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Christine Wilcox’s Blog

Grizzly Bear Agencies Encourage Hunters to Carry Bear Spray

Christine Wilcox

Posted December 6, 2013

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Hunter education took a big step in the right direction for grizzly bears this year when the Interagency Grizzly Bear Committee (IGBC) released two bear spray videos earlier this fall – a demonstration of the proper use of bear spray and a Public Service Announcement.  Both videos point out that bear spray stopped grizzly bears 92% of the time and prevented injury 98% of the time, making bear spray the best protection for hunters and for bears. 

Bears in Teton 3 Feb 2013.jpg

As grizzly bear populations in the United States continue to recover and bears expand into more areas, it becomes increasingly important to minimize, reduce, and prevent conflicts between grizzly bears and people.  Practical steps like carrying bear spray, traveling in groups, and securing food and garbage make a big difference.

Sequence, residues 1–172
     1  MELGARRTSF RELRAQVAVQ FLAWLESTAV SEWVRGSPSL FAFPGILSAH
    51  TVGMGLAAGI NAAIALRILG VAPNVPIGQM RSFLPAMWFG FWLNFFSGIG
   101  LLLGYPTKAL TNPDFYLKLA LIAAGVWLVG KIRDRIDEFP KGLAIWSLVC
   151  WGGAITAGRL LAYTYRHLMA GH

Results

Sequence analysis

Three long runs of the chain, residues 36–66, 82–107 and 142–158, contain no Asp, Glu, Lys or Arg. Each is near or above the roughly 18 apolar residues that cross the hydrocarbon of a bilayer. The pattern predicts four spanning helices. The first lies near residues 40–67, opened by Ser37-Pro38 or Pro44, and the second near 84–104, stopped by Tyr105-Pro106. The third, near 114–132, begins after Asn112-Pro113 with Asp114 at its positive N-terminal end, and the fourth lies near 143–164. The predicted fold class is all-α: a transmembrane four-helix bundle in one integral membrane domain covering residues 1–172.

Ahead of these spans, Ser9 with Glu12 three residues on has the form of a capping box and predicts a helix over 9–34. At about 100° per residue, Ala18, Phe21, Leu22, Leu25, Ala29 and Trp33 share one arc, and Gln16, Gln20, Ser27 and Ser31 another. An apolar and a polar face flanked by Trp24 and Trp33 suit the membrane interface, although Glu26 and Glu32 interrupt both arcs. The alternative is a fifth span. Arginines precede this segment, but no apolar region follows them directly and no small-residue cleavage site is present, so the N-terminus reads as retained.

These bear spray videos go a long way to help people recreate safely in grizzly country and to encourage coexistence with bears.  It’s great to see the IGBC creating and promoting such good educational material.

(Photo: Christine Wilcox)

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Dave SmithDec 9 2013 01:22 PM

The NRDC does not accept Interagency Grizzly Bear Committee (IGBC) propaganda about delisting Yellowstone grizzlies at face value, and the NRDC should not take IGBC propaganda about bear spray for hunters at face value, either. BYU professor Tom Smith has done studies on bear spray and firearms in Alaska. He told Sports Afield, "If I'm actually out hunting and I have a gun in my hands and suddenly a bear comes at me--do you think I'm going to lay the gun down and pick up bear spray. Are you out of your mind?" The IGBC bear spray video shows well known hunter Craig Boddington with his rifle on a sling over one shoulder so he has two hands free for bear spray. Since 1983, state and federal agencies in Alaska have trained employees required to carry a 12 gauge shotgun for bear protection that they should never carry a firearm slung over their shoulder in bear country because it takes too long to bring it into action. The IGBC is giving hunters pursuing big-game in grizzly country very, very dangerous advice.

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